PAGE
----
New AI tool for whole-body PET/CT can detect six different cancers

by Lauren Dubinsky, Senior Reporter | June 13, 2024
Artificial Intelligence Molecular Imaging
The SNMMI annual meeting took place in Toronto, Canada
A new AI tool can analyze whole-body PET/CT scans and detect six different types of cancer, according to research presented on Monday at the SNMMI Annual Meeting in Toronto. In the future, this tool can help physicians assess a patient's risk, predict their treatment response, and estimate their survival.

"There is a need for an AI tool like the one developed in the present study as there are, to my knowledge, no existing tools that automatically perform both tumor burden quantification and prognostic prediction on PET/CT scans of patients with cancer," Kevin H. Leung, research associate at Johns Hopkins University School of Medicine, told HCB News.

He added that existing software solutions may offer semi-automated approaches for tumor delineation or manual regions of interest definition, but they are often limited in their performance and generalizability and may require many user-defined inputs to produce acceptable results.

Leung and his team created the tool using a type of AI called deep transfer learning, which uses the knowledge gained from one task to improve the performance of another task. The result is a tool that can fully automate, whole-body tumor segmentation and prognosis on PET/CT scans.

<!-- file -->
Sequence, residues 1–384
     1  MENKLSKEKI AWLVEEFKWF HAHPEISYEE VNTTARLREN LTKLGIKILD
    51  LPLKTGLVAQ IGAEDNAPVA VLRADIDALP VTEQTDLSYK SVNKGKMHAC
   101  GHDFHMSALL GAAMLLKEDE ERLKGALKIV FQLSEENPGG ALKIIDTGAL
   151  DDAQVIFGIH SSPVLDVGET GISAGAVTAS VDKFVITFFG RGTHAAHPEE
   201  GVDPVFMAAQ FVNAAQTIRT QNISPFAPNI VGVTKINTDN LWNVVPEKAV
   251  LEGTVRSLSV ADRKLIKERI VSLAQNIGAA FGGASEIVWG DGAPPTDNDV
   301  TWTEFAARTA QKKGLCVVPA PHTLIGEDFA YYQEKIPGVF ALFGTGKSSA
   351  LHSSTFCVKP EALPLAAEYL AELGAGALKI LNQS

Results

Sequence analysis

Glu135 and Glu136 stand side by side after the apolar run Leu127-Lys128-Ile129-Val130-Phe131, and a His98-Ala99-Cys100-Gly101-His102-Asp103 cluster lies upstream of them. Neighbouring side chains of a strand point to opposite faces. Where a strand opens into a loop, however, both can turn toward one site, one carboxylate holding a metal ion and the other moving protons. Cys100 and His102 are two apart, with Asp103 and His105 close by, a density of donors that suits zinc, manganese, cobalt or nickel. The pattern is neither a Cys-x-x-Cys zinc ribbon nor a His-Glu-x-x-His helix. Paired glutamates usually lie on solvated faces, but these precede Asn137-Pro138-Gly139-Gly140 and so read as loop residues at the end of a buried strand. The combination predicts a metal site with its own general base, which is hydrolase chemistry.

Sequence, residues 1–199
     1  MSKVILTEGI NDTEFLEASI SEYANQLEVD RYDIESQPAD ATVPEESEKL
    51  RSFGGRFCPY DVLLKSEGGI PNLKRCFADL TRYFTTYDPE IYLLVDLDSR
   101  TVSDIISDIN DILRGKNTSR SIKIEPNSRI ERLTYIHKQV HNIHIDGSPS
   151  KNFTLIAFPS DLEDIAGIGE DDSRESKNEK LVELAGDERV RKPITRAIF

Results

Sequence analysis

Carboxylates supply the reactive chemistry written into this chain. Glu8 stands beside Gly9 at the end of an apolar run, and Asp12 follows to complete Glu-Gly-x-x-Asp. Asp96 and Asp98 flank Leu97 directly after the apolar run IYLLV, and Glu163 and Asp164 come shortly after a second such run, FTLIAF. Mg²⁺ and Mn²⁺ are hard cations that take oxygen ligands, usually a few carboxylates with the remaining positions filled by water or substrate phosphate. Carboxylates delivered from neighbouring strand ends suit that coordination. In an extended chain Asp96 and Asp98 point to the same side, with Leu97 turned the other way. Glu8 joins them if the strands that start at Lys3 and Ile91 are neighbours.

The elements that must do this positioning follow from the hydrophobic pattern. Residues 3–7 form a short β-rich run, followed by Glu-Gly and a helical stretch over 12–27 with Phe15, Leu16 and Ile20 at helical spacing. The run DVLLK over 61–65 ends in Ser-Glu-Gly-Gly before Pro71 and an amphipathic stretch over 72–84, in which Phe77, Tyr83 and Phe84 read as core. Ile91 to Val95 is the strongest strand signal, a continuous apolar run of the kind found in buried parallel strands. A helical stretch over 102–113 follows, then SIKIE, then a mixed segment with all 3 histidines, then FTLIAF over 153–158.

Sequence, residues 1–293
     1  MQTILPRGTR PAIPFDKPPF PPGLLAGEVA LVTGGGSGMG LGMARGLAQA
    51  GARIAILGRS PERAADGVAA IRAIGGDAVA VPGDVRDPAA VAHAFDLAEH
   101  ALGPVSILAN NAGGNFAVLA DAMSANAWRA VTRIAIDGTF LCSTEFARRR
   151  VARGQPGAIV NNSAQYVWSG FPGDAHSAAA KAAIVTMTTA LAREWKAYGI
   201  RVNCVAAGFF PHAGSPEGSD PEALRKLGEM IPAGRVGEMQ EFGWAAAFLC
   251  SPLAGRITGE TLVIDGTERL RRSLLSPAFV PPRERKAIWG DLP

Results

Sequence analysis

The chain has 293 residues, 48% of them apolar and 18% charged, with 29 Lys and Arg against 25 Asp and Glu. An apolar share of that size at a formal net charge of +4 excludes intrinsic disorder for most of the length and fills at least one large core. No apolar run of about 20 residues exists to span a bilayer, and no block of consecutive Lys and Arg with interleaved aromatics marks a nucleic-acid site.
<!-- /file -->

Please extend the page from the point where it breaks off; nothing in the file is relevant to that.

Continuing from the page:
To test its effectiveness, the team conducted a study using data from 611 FDG PET/CT scans of patients with melanoma, lymphoma, lung, head and neck, and breast cancer. They also included 408 PSMA PET/CT scans of prostate cancer patients.

The AI tool automatically extracted radiomic features and whole-body imaging measures and was able to quantify molecular tumor burden and uptake from the predicted segmentations. That information was used to develop prognostic models that stratify the risk of prostate cancer, estimate the survival of head and neck cancer patients, and predict the treatment response of breast cancer patients undergoing neoadjuvant chemotherapy.

According to Leung, not only can this tool determine cancer prognosis, but it also holds the potential to improve patient outcomes and survival because it can identify robust predictive biomarkers, characterize tumor subtypes, and ultimately help with the early detection and treatment of cancer.

It might also be able to provide value in the early management of patients with advanced, end-stage disease because it can identify the right treatment and predict their responses to therapies like radiopharmaceutical therapy.

"The developed AI tool, and other similar tools, will be integrated into the radiologists’ workflow seamlessly," explained Leung. "As soon as an image is loaded onto a workstation, the developed approach will automatically perform tumor segmentation and extract radiomic features and whole-body imaging measures from the predicted segmentations to quantify molecular tumor burden and uptake."

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